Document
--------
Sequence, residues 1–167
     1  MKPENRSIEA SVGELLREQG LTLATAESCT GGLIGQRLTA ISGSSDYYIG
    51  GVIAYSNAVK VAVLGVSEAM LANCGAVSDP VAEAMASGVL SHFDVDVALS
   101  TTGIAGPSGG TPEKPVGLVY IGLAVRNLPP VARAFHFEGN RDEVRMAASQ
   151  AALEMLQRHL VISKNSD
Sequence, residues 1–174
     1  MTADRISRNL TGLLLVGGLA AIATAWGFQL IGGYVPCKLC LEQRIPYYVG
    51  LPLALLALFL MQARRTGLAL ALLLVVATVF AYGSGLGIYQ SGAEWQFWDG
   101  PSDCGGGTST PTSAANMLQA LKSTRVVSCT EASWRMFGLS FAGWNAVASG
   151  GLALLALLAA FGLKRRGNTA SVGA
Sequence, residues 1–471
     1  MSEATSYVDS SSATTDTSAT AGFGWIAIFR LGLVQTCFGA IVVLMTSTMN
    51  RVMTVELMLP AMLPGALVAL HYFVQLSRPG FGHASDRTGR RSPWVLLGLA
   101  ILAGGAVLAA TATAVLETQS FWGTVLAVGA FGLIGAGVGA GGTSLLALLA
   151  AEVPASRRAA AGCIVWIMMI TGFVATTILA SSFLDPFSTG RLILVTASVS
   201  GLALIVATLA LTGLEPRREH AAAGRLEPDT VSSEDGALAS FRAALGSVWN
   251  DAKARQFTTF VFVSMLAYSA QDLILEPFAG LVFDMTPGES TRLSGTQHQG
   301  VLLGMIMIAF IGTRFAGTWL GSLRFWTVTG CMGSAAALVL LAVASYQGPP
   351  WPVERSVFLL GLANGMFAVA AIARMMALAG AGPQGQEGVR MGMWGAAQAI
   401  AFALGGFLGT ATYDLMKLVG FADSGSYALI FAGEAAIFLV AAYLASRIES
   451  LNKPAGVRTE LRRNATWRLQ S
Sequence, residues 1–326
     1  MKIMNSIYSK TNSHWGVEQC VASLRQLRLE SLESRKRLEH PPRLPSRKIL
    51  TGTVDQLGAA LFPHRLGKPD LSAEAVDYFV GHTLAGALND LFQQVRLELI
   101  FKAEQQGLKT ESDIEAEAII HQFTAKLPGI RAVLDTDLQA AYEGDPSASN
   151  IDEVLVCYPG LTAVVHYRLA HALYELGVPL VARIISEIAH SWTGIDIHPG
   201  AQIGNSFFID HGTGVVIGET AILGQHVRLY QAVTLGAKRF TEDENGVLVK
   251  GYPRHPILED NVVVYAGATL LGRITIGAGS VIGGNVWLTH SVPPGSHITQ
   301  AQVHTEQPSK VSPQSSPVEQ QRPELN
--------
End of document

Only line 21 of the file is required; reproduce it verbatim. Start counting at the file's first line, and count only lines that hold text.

   451  LNKPAGVRTE LRRNATWRLQ S